Many, many seasons ago, I discovered an embroidery style called Bargello. This is a type of straight stitch embroidery done usually in wools on a mesh canvas. There are different theories as to where the style originated, but wherever it came from, it remained popular for a couple of centuries. It was frequently used for very large pieces, such as bed curtains and upholstery, as well as for pillows and so on. For a time, when people ordered furniture the maker would send the upholstery fabric to the lady of the house for her to embroider in whatever Bargello pattern she wanted, which would then be used to cover the chair or whatever was being made. We can still see the influence of Bargello in modern upholstery designs.
At the time I discovered Bargello, I had some troubles finding appropriate materials. I was able to find embroidery wools (yarn for knitting or crochet tends to be too elastic), but not the blank canvas. I ended up doing this sampler of Bargello patterns for myself on 14 count Aida cross stitch cloth.
I chose these patterns partly because I really liked them, but also because they can be the basis of almost any other pattern variations I might want to try.
This Flame Stitch pattern is about as basic as it gets. Hungarian Point and Florentine stitch are some of the variations.
I also did a variety of stitches that can be used with the Bargello patterns, such as long and short stitch, satin stitch, and tent stitch.
This is my favorite pattern - a unbroken line pattern combining points and ribbons.
This detailed shot shows the pattern repeat that is mirrored across the piece.
Another favourite of mine, this box pattern is an example of an interval repeat - the diamond outline is stitched first, then filled in with the other colours. Using a monochromatic colour scheme (5 shades of green, in this sample) gives the illusion of three dimensional cubes. Changing the colours can change the effect quite dramatically.
Another interval repeat pattern. I chose a colour scheme and sequence to great dramatic diamond shapes. One of the books on Bargello I have, Bargello Magic; How to Design Your Own (published in 1972) has 10 variations of this pattern. Changing the colour sequence makes them look so different, it's hard to believe they're the same pattern.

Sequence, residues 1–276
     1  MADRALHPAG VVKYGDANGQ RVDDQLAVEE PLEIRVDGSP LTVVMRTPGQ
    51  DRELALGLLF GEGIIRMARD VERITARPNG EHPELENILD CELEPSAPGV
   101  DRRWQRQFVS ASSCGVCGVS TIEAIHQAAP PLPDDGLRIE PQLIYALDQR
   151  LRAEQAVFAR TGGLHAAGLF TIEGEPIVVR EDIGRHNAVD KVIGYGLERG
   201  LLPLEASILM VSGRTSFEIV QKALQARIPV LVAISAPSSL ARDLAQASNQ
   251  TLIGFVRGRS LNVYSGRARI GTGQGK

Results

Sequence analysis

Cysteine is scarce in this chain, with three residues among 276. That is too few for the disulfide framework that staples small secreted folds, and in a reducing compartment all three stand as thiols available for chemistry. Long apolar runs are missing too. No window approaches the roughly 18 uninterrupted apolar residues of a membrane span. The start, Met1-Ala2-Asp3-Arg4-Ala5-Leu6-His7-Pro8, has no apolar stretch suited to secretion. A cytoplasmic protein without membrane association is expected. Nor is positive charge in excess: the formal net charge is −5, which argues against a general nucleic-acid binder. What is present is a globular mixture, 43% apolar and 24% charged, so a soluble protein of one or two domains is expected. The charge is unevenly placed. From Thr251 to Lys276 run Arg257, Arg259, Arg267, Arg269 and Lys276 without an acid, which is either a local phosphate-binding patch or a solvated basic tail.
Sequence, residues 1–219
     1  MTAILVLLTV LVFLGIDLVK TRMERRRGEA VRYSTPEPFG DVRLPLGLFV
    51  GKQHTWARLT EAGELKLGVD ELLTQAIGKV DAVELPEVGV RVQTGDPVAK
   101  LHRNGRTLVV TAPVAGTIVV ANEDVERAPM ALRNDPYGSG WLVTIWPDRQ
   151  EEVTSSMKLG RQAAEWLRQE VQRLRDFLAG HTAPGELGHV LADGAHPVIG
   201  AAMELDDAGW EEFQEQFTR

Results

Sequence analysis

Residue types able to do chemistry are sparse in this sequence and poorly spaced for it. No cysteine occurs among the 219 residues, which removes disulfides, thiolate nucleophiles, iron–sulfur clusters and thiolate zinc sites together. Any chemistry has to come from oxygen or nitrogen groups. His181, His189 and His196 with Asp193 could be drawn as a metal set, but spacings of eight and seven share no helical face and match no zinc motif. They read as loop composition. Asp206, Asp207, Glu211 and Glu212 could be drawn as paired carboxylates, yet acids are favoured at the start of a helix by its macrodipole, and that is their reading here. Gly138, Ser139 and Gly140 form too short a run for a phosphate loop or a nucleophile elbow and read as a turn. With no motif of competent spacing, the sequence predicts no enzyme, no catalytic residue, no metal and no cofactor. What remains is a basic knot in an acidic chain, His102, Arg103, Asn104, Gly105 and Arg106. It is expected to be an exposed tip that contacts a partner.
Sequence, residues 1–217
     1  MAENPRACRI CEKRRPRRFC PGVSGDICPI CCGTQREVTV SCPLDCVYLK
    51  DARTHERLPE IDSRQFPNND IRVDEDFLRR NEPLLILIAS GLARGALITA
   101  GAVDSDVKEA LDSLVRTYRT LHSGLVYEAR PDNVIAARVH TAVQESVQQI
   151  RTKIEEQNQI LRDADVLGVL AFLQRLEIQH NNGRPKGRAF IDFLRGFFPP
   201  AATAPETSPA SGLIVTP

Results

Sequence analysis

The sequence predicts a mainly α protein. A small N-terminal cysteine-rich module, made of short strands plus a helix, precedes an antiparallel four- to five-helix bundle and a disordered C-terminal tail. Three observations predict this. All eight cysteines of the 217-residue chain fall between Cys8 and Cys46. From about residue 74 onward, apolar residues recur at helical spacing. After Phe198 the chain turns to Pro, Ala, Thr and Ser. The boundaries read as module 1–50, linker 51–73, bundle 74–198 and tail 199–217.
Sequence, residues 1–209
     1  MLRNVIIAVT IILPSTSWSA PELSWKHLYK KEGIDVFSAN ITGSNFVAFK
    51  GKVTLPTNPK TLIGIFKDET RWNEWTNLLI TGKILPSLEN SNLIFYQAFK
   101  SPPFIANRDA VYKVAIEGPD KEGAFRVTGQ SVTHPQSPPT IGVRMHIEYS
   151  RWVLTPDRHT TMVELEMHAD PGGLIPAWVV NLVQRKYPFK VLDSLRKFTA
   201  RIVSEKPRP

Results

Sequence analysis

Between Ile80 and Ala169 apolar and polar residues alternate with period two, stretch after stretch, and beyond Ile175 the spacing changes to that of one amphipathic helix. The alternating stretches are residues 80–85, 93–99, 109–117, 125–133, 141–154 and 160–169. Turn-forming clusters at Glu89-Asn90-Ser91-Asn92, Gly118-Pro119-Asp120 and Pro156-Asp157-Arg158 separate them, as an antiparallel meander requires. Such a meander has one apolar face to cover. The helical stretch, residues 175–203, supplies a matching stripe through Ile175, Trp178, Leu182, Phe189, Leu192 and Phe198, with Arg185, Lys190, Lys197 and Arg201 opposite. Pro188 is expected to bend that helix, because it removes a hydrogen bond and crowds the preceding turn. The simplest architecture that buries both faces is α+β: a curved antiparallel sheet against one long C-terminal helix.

This interval repeat pattern (minus the cat's ear in the corner...) is sometimes called a peacock pattern.
While this one is sometimes called a pomegranate pattern.
Although Bargello stitches are always worked up and down, they don't have to be all done in the same direction. A wonderful variation is Four Way Bargello.
This is the last of a set of 3 four way patterns I'd tried, doing two of each, in Christmas colours. I gave one away, but have no idea what happened to the others! How unfortunate that the only one I have left is the one with the pattern I liked least. Oh, well.
I'd managed to find some blank canvas and worked it on an embroidery frame in one long strip. My older daughter was about nine months old when we made them together (she's now 17). The stitches are worked using large, blunt ended tapestry needles, so there was little concern that she would hurt herself. She would work the stitches from the front, placing them where I told her to for the pattern, and I would work it from underneath, passing the back needle to her. She absolutely loved helping out!
After the sections were stitched, I cut them out with a half inch seam allowance, then used felt for a backing, stitching the right sides together around 3 1/2 sides, then flipping them right side out and slip stitching the opening. I finished with an edge of button hole stitch in silver metallic thread.
Virtually any straight pattern can be converted to a four way pattern. Similarly, turning patterns at corners can be done to create a Bargello stitched frame.
There aren't as many resources for Bargello as there is for other forms of embroidery, but there are some good ones out there. The aforementioned Bargello Magic is well worth finding. Along with the basics of what materials to use and patterns, it guides the reader through the creative process of making their own designs.
Another excellent book is Beautiful Bargello; 26 Charted Bargello and Needlepoint Designs by Joyce Petschek. I'm not a big fan of books that wax poetic about how things are supposed to make us feel. Sorry, but "the deep intensity of a topaz jewel" does not bring about "profound feelings of contentment" in me. Nor does "the splendor of gold" entice me "to the realms ruled by the imagination." Actually, yellows generally make me feel tense and hurt my eyes. Besides, it's a pillow. The only thing I want a pillow to inspire me to do is lay my head on it because it looks so comfortable. *L* Still, her projects are gorgeously worked and very inspiring. I can only dream of being able to find - and afford! - the gorgeous materials she uses.
I would highly recommend giving Bargello embroidery a try, if you can get ahold of the materials. Because it is worked on low count mesh with thick strands and large needles, pieces get worked up with satisfying speed. The most basic knowledge of embroidery (a straight stitch) is all that's needed, and simple changes in colour can make for dramatically different looks with the same patterns.